NovoCarbon and their partner, Chasm Advanced Materials, are starting a new lab which will focus on battery materials. Currently, the lab carries out analysis relating to materials characterizations such as analysis of porosity, surface area or particle size distribution, or “HP2” analysis. As the lab continues to develop more functions will be added to assist with product development and quality control.
Other strategic partnerships provide NovoCarbon with other analysis abilities such as analysis of particle shape, TGA, EDAX, XRG, density analysis and visual analysis (AFM, SEM and TEM).
Developing the ability to carry out full analysis in-house means the new products can be developed faster and quality control can be adhered to strictly.
Once the lab is established NovoCarbon will apply for the Battery Materials Lab to be certified by the State of Massachusetts, this will guarantee that the lab is regulated correctly and will allow the lab to offer free-based services to other companies. As growth in the energy storage sector continues the lab will be able to provide vital analysis, product development and consulting services.
The Capabilities of the Battery Materials Lab
The Battery Materials Lab is going to develop through phases; the first phase will deliver the ability to:
- Determine hydrophilic/hydrophobic characteristics using a novel “HP2” method.
- Analyse of the Particle Size Distribution
- Measure pore size and distribution, and surface area using BET analysis.
- Visually Analyse Materials using AFM
Using BET Analysis to Investigate Total Surface Area
“Brunauer–Emmett–Teller (BET) theory aims to explain the physical adsorption of gas molecules on a solid surface and serves as the basis for an important analysis technique for the measurement of the specific surface area of materials.”
BET analysis report for the MG-1599 product.
The surface area of the material to be used in a battery anode is of key importance towards its performance. This is because the important chemical reactions occur on the anode surface, so a greater surface area results in faster or more powerful chemical reactions. It is for this reason that a high surface area is a desirable characteristic.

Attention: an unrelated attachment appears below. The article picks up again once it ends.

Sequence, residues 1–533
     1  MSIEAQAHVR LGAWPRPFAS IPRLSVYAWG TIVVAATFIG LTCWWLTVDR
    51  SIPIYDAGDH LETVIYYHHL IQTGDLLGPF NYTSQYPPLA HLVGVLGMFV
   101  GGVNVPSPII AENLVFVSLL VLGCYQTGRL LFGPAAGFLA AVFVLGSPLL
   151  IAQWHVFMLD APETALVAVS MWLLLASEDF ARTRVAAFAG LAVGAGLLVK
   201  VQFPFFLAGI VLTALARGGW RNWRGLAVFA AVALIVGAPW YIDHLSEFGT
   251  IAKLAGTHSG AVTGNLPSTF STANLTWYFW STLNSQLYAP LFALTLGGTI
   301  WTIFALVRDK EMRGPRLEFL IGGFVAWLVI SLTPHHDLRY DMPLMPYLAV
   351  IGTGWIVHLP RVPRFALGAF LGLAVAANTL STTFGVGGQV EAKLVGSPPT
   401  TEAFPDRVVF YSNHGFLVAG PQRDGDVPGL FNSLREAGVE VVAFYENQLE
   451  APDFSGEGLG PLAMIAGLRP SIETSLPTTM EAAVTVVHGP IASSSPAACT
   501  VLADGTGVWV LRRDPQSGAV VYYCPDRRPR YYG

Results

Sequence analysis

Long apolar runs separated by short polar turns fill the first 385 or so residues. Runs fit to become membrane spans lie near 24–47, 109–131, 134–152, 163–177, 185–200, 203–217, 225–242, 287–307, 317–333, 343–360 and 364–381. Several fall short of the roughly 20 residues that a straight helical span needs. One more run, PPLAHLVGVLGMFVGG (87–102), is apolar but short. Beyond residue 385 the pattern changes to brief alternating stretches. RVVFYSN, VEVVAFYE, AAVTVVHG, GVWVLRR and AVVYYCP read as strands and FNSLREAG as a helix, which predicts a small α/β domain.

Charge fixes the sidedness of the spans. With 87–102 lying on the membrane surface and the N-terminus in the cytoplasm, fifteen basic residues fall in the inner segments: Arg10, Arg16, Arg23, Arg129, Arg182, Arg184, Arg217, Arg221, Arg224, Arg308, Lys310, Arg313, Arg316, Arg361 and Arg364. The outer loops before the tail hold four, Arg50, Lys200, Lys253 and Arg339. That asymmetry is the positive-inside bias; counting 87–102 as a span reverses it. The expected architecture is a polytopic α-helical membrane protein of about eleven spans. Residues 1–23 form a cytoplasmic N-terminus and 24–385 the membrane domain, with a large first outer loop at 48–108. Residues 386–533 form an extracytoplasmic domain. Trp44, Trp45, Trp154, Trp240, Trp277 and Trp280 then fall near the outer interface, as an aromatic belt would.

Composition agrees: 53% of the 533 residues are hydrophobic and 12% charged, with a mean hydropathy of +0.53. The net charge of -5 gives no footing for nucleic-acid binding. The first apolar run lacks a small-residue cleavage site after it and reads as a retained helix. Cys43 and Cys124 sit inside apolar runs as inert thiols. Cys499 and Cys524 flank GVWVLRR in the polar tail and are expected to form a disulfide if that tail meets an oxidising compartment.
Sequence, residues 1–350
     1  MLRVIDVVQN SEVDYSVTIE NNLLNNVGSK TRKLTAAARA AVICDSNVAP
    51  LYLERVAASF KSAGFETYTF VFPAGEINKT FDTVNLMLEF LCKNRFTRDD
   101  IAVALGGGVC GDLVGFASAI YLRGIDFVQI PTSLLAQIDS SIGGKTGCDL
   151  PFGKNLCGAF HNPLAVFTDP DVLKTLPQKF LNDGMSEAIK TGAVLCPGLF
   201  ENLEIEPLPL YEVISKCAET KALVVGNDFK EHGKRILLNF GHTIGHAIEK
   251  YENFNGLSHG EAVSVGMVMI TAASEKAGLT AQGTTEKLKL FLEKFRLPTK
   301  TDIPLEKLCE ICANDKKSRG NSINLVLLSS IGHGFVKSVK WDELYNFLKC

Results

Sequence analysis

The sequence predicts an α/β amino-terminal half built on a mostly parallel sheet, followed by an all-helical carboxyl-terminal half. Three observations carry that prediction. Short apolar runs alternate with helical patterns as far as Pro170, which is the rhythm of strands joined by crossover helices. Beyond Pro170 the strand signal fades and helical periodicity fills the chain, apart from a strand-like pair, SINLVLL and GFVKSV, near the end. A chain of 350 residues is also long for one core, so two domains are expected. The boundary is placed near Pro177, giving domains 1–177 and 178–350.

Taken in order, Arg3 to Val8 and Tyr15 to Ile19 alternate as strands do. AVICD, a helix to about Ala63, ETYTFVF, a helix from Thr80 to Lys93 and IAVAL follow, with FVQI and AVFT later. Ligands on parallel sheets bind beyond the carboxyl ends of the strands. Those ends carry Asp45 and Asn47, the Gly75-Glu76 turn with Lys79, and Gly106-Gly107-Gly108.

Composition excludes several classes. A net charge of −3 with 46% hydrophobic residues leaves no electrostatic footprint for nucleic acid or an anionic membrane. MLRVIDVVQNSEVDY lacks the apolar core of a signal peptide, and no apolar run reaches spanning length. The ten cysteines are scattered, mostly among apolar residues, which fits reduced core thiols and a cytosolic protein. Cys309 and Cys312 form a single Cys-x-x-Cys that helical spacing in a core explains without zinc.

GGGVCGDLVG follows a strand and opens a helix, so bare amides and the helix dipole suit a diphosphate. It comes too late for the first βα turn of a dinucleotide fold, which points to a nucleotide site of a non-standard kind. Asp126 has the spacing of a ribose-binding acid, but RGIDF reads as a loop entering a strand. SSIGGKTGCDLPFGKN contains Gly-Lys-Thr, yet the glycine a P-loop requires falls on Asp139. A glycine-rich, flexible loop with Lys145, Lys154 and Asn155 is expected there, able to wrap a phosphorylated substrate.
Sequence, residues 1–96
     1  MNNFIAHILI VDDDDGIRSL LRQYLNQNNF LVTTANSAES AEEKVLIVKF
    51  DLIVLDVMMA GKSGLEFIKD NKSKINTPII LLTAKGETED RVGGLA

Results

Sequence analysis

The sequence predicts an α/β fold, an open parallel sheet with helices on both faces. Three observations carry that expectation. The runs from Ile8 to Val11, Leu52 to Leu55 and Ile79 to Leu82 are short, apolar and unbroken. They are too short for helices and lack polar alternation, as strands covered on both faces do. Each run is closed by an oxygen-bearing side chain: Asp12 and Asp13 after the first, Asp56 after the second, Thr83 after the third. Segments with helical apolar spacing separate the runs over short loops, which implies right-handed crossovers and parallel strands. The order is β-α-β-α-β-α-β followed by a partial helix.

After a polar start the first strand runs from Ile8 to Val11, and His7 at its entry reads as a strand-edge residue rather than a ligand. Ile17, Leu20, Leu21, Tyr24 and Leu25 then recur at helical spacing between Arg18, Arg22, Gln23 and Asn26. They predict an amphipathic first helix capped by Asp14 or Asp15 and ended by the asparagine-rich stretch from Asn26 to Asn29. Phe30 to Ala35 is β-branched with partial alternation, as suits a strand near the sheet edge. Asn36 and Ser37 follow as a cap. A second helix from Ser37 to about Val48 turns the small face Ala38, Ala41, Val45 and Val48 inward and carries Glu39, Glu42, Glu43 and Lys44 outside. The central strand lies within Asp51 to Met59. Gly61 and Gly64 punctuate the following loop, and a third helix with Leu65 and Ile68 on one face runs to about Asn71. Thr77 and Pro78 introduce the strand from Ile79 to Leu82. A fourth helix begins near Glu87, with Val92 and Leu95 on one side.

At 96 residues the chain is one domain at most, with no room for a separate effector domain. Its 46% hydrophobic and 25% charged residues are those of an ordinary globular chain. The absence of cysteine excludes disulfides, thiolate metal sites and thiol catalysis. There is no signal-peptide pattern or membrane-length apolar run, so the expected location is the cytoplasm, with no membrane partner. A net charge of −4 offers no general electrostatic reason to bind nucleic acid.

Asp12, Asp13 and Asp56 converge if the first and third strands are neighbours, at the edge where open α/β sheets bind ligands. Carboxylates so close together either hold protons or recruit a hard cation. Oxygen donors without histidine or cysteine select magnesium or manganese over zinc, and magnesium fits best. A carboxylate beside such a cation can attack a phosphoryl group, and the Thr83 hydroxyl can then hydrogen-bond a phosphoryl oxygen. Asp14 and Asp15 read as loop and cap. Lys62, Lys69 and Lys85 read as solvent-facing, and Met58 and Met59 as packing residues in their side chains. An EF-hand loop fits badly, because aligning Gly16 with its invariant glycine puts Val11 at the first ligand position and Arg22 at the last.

For graphite, the porosity of the material has a direct influence on its surface area; with a greater number of micropores correlating to a higher surface area. As the number of pores has such an influence on the surface area pore size distribution analysis is an important part of electrode materials analysis.
“HP2” – A Novel Method of Determining Hydrophobicity and Hydrophilicity
HP2 analysis is a unique, non-destructive analysis method developed by Dr. Gershon Borovsky of NovoCarbon, which gives information on the structure and proportion of hydrophilic and hydrophobic materials in a sample. This insight ensures that the correct materials are used for the right battery applications.
PSD Analysis of Graphite for Quality
“Particle size analysis, particle size measurement, or simply particle sizing is the collective name of the technical procedures, or laboratory techniques which determines the size range, and/or the average, or mean size of the particles in a powder or liquid sample.
The particle size measurement is typically achieved by means of devices called Particle Size Analyzers (PSA) which are based on different technologies, such as high definition image processing, analysis of Brownian motion, gravitational settling of the particle and light scattering (Rayleigh and Mie scattering) of the particles.”
Particle Size Distribution Analysis report for the SPG-20U Spheronized Graphite product.
Particle Size Distribution (PSD) analysis is a key step in understanding the characteristics of a material and to ensure that products are being made to the correct specifications. NanoCarbon uses PSD analysis to ensure that its products are manufactured at high quality and high consistency.
AFM Analysis for Visual Inspection
“Atomic force microscopy (AFM) or scanning force Microscopy (SFM) is a very-high-resolution type of scanning probe microscopy (SPM), with demonstrated resolution on the order of fractions of a nanometer, more than 1000 times better than the optical diffraction limit.”
Stock image of cobalt nano-particles
This information has been sourced, reviewed and adapted from materials provided by NovoCarbon, Inc.
For more information on this source, please visit NovoCarbon, Inc.